(...which is another reason I think Quaker blogs are important: they bring things down to a right-here, right-now sort of scale...)

Contrary to belief, I don't do a lot of Quaker reading, but of the little I've done, I have found that a more "human" account of the struggle to be faithful is represented in the life of David Ferris... and the text is much shorter and easier to get through then some of the Bigger Dudes!

All that aside, the question I keep coming back to, and it is with me as I read your post, is:

Do you feel as though you are faithful in the deeds you do?

Blessings,
Liz Opp, The Good Raised Up

Friendly Mama said...

I became pregnant with my oldest child 17 years ago. When pregnant with him, a friend (along with "Spiritual Midwifery") introduced me to homebirth and her midwife. My decision to birth my son at home flowed into the choice to school him at home. I think that stepping outside of our society's norms allowed me the freedom to be open to Friends Meeting when I was guided there by Spirit.

Anyway, I think encouraging young mothers to be faithful to their intuition is teaching them to listen for God. Our women's bodies are created to birth our babies and feed our babies perfectly. God made it that way. By helping women trust in the wholeness of their bodies, you are helping them know the holiness of them. What you do may not feel like a great leading but it surely is God's work.

Honey said...

I believe you can only say what makes you a quaker and speak your truth. I have met quakers from all over the world, and the Northern Irish evangelical quakers do not speak my truth for example, we are all so different, each meeting house..
what is your truth?

Blue Gal said...

I love this post, both for the knitting and the listening. I think it's important for me to remember that it is the same God speaking to us now as it was at any time in so-called human history. I also think I tend to discount small leadings just as I discount stockinette stitch. Too small, too plain, not enough "bang for the buck." Yet even the most intricate sweater imaginable is made up of only knits and purls. Thank you for a terrific post.

Michael said...

Thank you for this post, Friend.

I like it both for your "concise-yet-essential description" of "what Quakers believe" and for your deeper query about how 21st century Quakers sound, as contrasted with the 17th century ones.

Increasingly I am on the lookout for what I see in myself and other f/Friends which is about doing rather than about believing.

Hence, I agree with RichardM and Liz that your "small leadings" are the most important ones... because they have to do with getting yourself and others from this present moment to the next present moment... where all the little blessings are.

Thanks again,
Michael

QuakerDave said...

I believe you can only say what makes you a Quaker and speak your truth.

Exactly.

But if we needed a song for that CD, would we start with "The Sound of Silence"?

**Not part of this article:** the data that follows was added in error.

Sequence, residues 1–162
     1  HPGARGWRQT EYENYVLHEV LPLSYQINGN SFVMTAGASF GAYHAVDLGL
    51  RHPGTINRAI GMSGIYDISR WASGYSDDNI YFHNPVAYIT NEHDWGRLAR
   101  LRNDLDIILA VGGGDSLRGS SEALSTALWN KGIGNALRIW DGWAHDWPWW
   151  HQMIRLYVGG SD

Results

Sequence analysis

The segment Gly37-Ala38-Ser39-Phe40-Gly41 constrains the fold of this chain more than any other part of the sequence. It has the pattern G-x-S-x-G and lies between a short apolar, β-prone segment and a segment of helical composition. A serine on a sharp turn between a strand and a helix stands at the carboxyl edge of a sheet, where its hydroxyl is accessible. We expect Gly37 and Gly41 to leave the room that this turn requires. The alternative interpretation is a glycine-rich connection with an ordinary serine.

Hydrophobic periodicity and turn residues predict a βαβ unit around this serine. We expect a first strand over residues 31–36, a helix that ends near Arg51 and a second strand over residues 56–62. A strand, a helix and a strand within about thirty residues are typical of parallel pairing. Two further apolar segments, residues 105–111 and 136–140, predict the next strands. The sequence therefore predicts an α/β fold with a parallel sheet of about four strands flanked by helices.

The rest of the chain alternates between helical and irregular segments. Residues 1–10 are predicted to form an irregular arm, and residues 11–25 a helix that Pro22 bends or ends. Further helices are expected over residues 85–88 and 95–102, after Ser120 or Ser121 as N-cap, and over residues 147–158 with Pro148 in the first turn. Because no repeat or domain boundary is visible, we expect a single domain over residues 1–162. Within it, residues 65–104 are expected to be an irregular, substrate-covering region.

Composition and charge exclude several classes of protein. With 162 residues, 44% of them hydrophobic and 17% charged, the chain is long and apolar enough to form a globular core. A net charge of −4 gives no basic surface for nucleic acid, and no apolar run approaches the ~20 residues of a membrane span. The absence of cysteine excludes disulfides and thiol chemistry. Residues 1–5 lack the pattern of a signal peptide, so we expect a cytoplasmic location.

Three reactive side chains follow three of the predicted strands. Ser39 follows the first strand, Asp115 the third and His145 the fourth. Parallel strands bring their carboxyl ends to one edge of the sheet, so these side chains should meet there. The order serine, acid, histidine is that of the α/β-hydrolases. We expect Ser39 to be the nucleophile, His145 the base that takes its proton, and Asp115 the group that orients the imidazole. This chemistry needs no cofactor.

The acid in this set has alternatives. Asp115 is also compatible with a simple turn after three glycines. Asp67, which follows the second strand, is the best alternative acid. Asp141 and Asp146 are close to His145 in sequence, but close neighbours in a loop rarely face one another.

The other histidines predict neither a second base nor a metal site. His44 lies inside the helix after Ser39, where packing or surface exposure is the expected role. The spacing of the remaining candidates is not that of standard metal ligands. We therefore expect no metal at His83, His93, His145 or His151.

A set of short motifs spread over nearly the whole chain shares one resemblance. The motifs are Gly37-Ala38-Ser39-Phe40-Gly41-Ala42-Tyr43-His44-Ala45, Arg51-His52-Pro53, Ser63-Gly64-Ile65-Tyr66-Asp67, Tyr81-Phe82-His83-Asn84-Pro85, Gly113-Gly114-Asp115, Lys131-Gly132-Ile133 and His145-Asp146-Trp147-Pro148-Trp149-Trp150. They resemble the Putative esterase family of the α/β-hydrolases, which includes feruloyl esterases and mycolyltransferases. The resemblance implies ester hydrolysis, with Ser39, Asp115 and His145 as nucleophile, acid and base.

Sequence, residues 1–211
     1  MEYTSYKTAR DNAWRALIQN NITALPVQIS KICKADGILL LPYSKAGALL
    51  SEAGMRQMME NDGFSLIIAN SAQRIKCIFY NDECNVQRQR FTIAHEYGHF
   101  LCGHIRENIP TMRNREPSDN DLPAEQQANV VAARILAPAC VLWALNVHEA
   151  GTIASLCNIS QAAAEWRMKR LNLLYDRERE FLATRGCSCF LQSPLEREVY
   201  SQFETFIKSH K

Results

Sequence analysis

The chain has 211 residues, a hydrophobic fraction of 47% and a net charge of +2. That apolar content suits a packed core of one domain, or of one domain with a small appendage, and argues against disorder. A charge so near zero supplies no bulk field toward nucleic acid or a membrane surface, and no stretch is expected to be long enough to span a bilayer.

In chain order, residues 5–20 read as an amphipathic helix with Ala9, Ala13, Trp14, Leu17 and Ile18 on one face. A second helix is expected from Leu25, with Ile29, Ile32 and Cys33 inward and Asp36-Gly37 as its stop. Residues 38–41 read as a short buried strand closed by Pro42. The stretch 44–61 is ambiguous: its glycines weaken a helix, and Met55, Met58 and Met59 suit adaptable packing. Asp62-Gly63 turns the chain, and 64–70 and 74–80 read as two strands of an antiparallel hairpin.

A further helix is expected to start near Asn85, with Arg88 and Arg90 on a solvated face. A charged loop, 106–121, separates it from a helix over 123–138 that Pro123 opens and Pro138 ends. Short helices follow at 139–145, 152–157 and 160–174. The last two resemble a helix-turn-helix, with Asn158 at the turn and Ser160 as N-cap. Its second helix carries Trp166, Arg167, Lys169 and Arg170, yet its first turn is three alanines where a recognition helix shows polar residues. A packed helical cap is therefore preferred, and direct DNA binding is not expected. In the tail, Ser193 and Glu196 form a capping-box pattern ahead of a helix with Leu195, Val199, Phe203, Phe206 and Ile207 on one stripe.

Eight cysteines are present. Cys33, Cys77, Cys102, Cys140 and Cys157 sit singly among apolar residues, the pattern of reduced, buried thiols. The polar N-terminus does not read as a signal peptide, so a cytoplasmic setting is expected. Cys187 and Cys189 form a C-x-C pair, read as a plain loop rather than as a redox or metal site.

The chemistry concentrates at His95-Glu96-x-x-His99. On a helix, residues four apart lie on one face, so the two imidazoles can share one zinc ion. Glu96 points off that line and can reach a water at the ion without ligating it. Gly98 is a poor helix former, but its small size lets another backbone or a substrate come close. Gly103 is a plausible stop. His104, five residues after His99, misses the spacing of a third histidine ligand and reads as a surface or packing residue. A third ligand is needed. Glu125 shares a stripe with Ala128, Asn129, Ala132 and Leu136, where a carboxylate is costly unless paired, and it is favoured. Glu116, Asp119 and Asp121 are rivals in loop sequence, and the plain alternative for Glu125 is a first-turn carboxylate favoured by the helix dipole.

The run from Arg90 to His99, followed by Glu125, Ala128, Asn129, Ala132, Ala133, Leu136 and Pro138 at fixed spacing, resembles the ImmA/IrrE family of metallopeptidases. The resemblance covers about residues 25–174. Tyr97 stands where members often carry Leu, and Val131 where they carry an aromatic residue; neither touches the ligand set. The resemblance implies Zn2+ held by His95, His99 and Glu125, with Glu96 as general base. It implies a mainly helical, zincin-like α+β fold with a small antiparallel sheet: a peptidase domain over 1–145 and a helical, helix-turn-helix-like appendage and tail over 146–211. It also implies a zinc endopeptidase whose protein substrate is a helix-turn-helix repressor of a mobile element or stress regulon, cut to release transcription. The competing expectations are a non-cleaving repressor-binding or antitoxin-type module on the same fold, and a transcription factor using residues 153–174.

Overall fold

Anonymous said...

Heather,
If you have helped many to kick a bad habit, you know that the first step is for the person to unwaveringly acknowledge the habit for what it is - something from outside the self that has found a weakness in the self and uses that weakness to take over the self and parasitize it. Without such an acknowledgement, the person is left with the lie that the bad habit is part of him or herself and that to get rid of the habit involves self-destruction.

Conversely, be a Friend ("Quaker") now, or at any time, one must unwaveringly acknowledge that the spirit in us which loves good and wants to serve others is the Savior - the one who delivers us from the power of selfishness and fear and bad habits. This Savior, the Word and Light of God have existed from the beginning, because they are a part of God. The Savior, who we know from the Bible was enbodied in Jesus, does not sneak into us and deceive us, as the bad habits do. He knocks at the doors of our hearts and asks patiently to be allowed in. When we let him, he does not take us over for His good, to suck us dry like the bad habist do. He feeds us and quenches our thirst and builds us up. He shows us that by relinquishing all to Him we do not lose our lives, as when we yield to a bad habit. Rather, we gain a totally new life, a life of peace and good cheer and confidence.
This Savior knocks at the door of every person's heart, whether or not that person recognizes Him as Jesus. If we all the Savior to heal us and to lead us to turn to the good and away from the bad, we have accepted Christ, whether or not we use that name. The name, in whatever human language we use, is only a word. When we know and heed the Word of God in our hearts, we are saved, whether or now we have ever been taught the human word.
However, if we have read the Bible and prayed and compared our own experience with the Light and the Word with Christ as he is described in Scripture, and if we willfully deny that they are the same, we are missing the power and life Jesus offers us, just as the addict misses the chance for freedom by willfully denying the addiction.
"Quakers" did not name ourselves "Friends of one another." We are Friends of Truth, that Truth being Christ, forever present everywhere for everyone.